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figure is insufficient to compensate for the air of awkward restraint caused by such lacing. 5th. They should never be worn, either loosely or tightly, during the hours appropriated to sleep, as, by impeding respiration, and accumulating the heat of the system improperly, they invariably injure. 6th. The corset for young persons should be of the simplest character, and worn in the lightest and easiest manner, allowing their lungs full play, and giving the form its fullest opportunity for expansion.-At this remote period, it is impossible for us to say whether the corset, in some form, might not have belonged to the complex toilet of the ancient Israelitish ladies. We find the prophet Isaiah, in chap. iii, inveighing against their numerous and useless decorations-"the bravery of their tinkling ornaments about their feet, and their cauls, and their round tires like the moon, the chains, and the bracelets, and the mufflers, the bonnets, and the ornaments of the legs, and the head-bands, and the tablets, and the ear-rings, the rings and nose-jewels, the changeable suits of apparel, and the mantles, and the wimples, and the crisping-pins, the glasses, and the fine linen, and the hoods, and the vails." This catalogue, at least, shows that the disposition evinced by the fair sex to adorn their persons, and render them more attractive, is not of modern origin, but most probably originated with our great mother Eve. The earliest and most delightful record we have of a contrivance like the corset, among Ethnic writers, is Homer's account of the girdle, or cestus, of Venus, mother of the Loves and Graces, which even the haughty Juno is fabled to have borrowed, in order to make a more profound impression upon her rather unmanageable husband, Jupiter. This girdle was invested by the poet with magical qualities, which rendered the wearer irresistibly fascinating :
"In this was every art and every charm
POPE, Iliad, book xiv, line 247, &c.
This, after all, we are persuaded, was nothing but such a corset as we have described in the beginning, worn by an elegant form, to which it was accurately adapted. Even Venus herself could not look otherwise than awkward and repulsive in one of the armadillo, shell-like machines, which are sold as fashionable, without regard to their inelegance. The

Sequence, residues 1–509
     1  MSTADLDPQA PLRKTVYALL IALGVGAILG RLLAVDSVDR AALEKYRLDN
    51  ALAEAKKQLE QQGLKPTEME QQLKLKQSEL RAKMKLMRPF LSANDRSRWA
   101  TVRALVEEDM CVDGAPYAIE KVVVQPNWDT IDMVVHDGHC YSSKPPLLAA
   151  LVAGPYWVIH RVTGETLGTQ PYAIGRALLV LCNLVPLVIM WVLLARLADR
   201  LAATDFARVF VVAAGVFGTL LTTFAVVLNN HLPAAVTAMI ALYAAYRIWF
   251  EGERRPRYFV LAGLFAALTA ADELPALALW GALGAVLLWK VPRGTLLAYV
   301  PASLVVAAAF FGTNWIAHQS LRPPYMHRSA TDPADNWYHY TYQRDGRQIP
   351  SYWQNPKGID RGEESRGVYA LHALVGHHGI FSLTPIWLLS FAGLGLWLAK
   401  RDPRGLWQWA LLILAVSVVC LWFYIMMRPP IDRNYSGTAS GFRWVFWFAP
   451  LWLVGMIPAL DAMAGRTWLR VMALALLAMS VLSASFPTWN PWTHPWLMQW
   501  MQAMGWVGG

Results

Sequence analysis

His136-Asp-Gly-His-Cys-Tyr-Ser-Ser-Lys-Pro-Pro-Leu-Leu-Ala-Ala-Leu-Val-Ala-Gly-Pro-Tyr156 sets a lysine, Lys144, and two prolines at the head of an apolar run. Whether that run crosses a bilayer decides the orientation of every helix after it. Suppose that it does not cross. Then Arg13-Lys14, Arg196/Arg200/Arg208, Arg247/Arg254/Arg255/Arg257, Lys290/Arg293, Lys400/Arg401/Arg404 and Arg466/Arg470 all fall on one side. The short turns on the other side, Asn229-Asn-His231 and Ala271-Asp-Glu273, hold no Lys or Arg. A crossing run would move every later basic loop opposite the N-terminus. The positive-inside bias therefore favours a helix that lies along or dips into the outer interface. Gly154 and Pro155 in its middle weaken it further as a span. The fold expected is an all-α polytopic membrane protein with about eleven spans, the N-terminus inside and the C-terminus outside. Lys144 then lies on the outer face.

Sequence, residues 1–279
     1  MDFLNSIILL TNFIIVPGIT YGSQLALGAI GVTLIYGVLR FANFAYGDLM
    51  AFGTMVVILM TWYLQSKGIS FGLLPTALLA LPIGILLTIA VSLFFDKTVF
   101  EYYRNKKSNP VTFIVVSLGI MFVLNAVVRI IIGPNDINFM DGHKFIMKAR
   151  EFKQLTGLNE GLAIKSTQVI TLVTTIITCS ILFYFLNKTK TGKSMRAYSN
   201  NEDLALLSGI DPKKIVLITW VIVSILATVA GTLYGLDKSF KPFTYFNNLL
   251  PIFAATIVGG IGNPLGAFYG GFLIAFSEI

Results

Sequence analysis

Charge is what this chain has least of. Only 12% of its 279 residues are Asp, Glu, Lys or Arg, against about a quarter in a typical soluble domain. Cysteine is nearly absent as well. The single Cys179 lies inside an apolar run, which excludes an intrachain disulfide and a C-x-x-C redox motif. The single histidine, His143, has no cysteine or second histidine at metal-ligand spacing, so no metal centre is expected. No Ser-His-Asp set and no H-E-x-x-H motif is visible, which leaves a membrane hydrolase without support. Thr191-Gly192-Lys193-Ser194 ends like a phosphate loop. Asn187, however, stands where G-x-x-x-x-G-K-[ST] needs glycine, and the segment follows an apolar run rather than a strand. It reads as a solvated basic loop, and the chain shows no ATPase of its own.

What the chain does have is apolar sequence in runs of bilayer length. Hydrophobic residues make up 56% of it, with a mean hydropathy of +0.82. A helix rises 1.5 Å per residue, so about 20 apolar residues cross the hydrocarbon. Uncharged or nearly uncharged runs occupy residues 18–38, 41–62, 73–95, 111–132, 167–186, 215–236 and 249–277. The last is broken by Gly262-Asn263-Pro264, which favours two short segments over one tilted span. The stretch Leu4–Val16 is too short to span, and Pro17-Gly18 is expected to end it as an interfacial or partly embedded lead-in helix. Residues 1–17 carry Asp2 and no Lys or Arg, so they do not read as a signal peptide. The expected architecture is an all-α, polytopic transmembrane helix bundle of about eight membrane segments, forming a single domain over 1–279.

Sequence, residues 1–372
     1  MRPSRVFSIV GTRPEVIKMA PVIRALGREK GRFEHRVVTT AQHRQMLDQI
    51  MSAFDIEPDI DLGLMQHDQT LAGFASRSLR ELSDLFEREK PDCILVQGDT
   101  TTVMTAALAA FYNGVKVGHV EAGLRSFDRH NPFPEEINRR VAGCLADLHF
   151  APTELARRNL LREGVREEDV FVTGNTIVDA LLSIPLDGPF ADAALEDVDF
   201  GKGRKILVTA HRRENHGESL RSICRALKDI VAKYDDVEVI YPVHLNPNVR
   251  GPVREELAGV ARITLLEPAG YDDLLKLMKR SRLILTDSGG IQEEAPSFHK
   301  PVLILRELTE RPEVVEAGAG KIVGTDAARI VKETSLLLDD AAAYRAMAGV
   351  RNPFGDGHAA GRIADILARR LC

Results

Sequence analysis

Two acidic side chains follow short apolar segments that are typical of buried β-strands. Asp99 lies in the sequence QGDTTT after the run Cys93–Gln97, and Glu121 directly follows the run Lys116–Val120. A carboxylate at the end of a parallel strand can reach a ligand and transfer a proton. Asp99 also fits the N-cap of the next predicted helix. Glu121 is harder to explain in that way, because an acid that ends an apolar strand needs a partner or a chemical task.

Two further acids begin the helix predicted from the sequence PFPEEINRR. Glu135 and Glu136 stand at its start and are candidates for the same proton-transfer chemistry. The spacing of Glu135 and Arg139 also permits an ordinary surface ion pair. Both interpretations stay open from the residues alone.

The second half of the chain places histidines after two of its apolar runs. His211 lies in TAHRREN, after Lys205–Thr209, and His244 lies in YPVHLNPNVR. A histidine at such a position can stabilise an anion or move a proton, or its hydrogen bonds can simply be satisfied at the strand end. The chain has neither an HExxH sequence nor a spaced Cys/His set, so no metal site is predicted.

costume of the ancient Greek ladies was, in every particular, opposed to stiffness or personal restraint; and we find that the cestus, or girdle, to gather the flowing redundance of their robes around the waist, was considered sufficient for the display of their enchanting forms. The Roman ladies were great adepts in the mysteries of the toilet, though not possessed of the grace and elegance of the Grecian beauties. We find among them rudiments of the corset, in the bandages which they wore around the chest, for the purpose of preserving the shape of the bosom, and displaying it to advantage. They were commonly made of woollen or linen cloth, and are alluded to, in several instances, by the poets. Thus, in Terence, we find Chærea saying to his servant, concerning an unknown beauty who attracted his attention-"This girl has nothing in common with ours, whom their mothers force to stoop, and make them bind their bosoms with bandages, in order to appear more slender" (Haud similis virgo est virginum nostrarum, quas matres student demissis humeris, vincto pectore, ut gracila sient). TER., Eun.-A writer in the French Dictionary of Medical Sciences, in an article on corsets, which the reader may compare with the present, states that the whaleboned corset, dividing the female form into two parts, is a relic of the ancient German costume, which is still to be seen in some pictures of celebrated masters. We are not, however, prepared to retract our opinion, that such contrivances were first resorted to in cases of deformity; for, on inquiry, we find that the German females, as described by the Roman writers, wore dresses tight to the person, though no mention is made of artificial contrivances to give it a peculiar form. The dress of both sexes was similar, consisting of a sagum or cloak clasped at the throat, and a vest or tunic which fitted tightly, and showed all the form. Tegumen fuit sagum, fibula si defuisset, spina confertum ; locupletissimi distinguebantur veste, non fluxa, sed stricta, ac pene singula membra exprimente: idem feminis habitus qui et viris. B. AUBAMUS, De Morib. etc. omn. Gent. It might prove interesting to inquire into the influence which the costume of the mailed knights, during the age of chivalry, had upon female dress, and whether much of the disposition to display the entire figure, as far as possible, did not arise from this display constantly made by the male sex, in their closely-fitting armor. It would lead us too far, however, to engage in such an examination here; neither shall